Prof. Nahor said the time had come for the prime minister to offer the public more information about the directives the government is issuing.

“A lot of questions are being asked for which no answers have been given. Why does the government need to add more tracking apps? Why isn’t it enough to ensure social distancing and limit people’s entry into certain places by directive?” she said.

“I’m worried that the decision to use invasive measures is simply an easy one even if it’s not the most effective or correct one to fight the virus,” Nahor said.

Dov Ganor, founding CEO of Mobility Insight (Mobi), which is developing a traffic-monitoring system, said there are ways that malls can obey the directives without violating customers’ privacy. His company gathers data for the Transportation Ministry from cameras, cellphone and databases, then analyzes it to provide insights officials can make use of.

“We don’t collect any private information that identifies anyone. I can tell whether a mall is ensuring social distancing or if someone has visited a mall or market. The tool performs a statistical analysis and examines interactions so policymakers can see whether people are observing the directive on public gathering,” said Ganor.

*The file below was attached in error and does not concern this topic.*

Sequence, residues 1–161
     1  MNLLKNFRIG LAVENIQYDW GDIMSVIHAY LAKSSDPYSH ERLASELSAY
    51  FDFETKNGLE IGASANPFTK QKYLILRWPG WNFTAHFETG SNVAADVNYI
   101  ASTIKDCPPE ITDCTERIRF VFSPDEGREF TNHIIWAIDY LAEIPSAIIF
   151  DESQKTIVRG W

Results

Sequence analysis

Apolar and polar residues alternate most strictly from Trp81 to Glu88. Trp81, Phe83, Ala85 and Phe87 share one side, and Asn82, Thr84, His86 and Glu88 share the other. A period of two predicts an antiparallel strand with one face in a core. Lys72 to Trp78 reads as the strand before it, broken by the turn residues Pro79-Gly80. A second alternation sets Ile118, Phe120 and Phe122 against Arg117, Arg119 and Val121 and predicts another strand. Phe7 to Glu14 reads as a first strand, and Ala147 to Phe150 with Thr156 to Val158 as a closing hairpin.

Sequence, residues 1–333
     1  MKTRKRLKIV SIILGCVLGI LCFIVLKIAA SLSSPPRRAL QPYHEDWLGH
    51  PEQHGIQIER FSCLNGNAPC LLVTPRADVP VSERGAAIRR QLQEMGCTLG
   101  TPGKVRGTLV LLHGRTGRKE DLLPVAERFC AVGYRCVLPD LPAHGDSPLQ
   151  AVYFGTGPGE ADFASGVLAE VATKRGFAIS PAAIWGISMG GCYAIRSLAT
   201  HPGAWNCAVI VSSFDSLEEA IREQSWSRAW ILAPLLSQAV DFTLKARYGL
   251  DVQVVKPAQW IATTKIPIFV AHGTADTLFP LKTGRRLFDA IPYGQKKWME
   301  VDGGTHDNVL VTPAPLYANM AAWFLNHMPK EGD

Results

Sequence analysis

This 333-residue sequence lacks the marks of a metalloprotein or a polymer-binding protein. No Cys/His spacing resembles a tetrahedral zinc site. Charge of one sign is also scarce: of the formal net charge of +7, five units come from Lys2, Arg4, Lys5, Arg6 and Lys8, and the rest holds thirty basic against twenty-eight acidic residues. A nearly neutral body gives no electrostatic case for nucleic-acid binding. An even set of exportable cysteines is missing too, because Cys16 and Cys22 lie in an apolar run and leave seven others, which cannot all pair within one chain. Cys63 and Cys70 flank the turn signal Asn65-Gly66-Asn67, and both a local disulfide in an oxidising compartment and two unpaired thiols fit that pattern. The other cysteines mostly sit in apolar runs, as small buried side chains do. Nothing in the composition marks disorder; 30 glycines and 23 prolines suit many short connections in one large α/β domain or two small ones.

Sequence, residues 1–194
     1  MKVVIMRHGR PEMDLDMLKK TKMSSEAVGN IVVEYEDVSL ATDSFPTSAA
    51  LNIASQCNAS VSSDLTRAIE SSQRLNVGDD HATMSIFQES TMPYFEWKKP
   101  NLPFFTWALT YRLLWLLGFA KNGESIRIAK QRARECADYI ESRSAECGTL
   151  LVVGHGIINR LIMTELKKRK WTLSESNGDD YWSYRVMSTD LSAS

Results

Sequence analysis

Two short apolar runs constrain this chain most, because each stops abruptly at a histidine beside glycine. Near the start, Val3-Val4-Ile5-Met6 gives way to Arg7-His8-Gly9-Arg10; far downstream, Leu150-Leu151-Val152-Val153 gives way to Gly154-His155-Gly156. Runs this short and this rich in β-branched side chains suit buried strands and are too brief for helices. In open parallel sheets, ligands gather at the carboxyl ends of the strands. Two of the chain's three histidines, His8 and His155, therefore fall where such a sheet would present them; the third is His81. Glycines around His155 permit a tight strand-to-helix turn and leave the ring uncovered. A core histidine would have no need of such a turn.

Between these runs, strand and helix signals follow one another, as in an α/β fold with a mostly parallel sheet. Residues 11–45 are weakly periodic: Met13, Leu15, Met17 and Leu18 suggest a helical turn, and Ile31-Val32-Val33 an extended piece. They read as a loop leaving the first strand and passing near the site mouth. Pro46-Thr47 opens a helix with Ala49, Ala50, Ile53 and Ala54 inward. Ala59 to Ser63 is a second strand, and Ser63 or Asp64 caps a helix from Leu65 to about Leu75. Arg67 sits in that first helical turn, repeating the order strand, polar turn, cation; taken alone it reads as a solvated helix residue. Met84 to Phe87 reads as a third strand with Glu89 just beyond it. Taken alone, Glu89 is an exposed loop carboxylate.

Czamanski & Ben Shahar, a retail consulting firm, sells the Mobi system in Israel and says 10 shopping centers are already using it, including the strip malls that have resumed operations recently.

“Today, more than in the past, mall managers want to know how many people are coming, where they’re coming from and how much time they spend in the mall and see how their customers behave. So I believe that the minute they know when they can reopen and what the requirements are, they will work to get the data,” said CEO Tamir Ben Shahar.

Ben Shahar said he believes the Health Ministry’s proposal is misguided.

“The government needs to tell the malls how many people they are allowed to bring in and give them the ability to do that. But what the government wants to do is handicap the malls,” he said. “The malls are already at a disadvantage because they are enclosed places that people are afraid to go to.”